Volkswagen Offers To Buy Back Emissions-Cheating “Clean Diesel” Cars

Image courtesy of Benedict Benedict

Owners of one of Volkswagen’s 500,000 diesel vehicles equipped with “defeat devices” designed to cheat emission standards will have two options when it comes to fixing their vehicles: allow the carmaker to buy it back or have it modified to meet emissions standards. 

Those options were revealed Thursday as Volkswagen and regulators from the Environmental Protection Agency and California Air Resources Board presented an “agreement in principle” to U.S. Federal Judge Charles Breyer that aims to address the emission-cheating vehicles, USA Today reports.

Breyer had given VW until today to provide him with a detailed plan to bring the affected vehicles into compliance with clean air laws and compensate owners, or risk going to trial.

While the agreement does not actually address just how VW plans to bring vehicles into compliance with federal emission standards, Breyer said the agreement showed “definite momentum to resolving these issues.”

The deal, which is still flexible, also includes a payment of “substantial compensation” that will see VW spending at least $1 billion to compensate owners of vehicles, Road and Track reports.

Exact compensation, which is still being negotiated and was not disclosed, will vary depending on the make and model of a vehicle.

However, the Associated Press suggests that owners of newer models that can be fixed through a software upgrade will receive little from the company, while the 325,000 or so owners of older cars will likely get more because the repairs could affect mileage and performance.

Road and Track reports that VW will also establish a fund for “appropriate remediation efforts” to address the excess nitrogen oxide emissions created by the vehicles.

Additionally, the company agreed to commit funding to promote “green automotive technology.”

Breyer set June 21 as a deadline for the parties to file preliminary proposals on the settlement. The court will hold a preliminary hearing on July 26. The public will then have a chance to share their thoughts on the deal before it is finalized.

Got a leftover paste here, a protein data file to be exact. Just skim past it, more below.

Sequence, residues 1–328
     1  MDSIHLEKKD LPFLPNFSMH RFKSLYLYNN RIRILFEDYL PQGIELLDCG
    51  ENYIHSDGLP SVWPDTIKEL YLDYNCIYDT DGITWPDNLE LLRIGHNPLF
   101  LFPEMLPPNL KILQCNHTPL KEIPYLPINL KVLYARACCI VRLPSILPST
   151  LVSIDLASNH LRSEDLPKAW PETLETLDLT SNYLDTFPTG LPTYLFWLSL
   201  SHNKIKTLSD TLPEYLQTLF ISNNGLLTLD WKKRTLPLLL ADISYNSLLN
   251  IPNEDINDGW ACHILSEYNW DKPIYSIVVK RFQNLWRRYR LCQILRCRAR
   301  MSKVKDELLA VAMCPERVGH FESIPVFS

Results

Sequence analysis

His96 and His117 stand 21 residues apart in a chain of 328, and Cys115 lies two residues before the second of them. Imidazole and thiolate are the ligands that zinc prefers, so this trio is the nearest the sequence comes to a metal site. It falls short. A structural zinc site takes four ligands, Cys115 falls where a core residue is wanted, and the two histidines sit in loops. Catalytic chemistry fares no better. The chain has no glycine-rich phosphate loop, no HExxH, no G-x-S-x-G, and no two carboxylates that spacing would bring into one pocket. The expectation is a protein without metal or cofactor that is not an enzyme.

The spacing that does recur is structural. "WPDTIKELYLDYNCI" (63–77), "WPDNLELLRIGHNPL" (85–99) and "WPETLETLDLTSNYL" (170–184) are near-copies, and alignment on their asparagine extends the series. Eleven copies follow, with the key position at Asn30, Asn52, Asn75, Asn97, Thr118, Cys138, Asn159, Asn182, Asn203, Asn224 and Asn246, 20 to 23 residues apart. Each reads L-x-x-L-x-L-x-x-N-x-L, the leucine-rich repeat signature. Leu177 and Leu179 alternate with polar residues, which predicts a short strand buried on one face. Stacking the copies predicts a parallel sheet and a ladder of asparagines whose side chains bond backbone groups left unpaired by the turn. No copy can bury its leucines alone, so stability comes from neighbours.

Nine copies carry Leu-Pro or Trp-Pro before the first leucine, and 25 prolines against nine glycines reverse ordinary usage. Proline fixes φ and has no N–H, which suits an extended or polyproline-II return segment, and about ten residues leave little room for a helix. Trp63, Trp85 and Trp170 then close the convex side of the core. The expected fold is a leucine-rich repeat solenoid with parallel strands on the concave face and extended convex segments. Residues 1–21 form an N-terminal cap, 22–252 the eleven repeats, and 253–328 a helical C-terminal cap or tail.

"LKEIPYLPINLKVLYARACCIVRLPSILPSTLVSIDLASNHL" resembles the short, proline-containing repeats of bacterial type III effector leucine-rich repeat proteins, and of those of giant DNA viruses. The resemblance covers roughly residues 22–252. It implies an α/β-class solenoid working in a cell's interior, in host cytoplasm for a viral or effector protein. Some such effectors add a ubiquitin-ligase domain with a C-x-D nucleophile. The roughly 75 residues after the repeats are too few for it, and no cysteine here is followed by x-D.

“It is the court’s expectation that the parties, in addition to finalizing the agreements that I just discussed, will work expeditiously on resolving these outstanding issues,” Breyer said.

The U.S. Public Interest Research Group, which created the “Make VW Pay” campaign shortly after the scandal broke, said the proposed settlement appears to have all the elements that it should, but the “devil will be in the details.”

“Given the nature of VW’s violations, a settlement needs to make consumers whole and compensate for the environmental damage while totaling a penalty large enough to discourage VW and others from this behavior in the future,” Mike Litt, Consumer Program Advocate at U.S. PIRG Education Fund, said in a statement. “In the meantime, it’s worth noting that further delay means that these polluting cars remain on the road – emitting up to 40 times the allowable level of pollution – for even longer.”

VW Agrees to Buy Back U.S. Diesel Vehicles Affected by TDI Emissions Cheat [Road and Truck]
Volkswagen reaches ‘substantial’ settlement to buy back, repair cars [USA Today]

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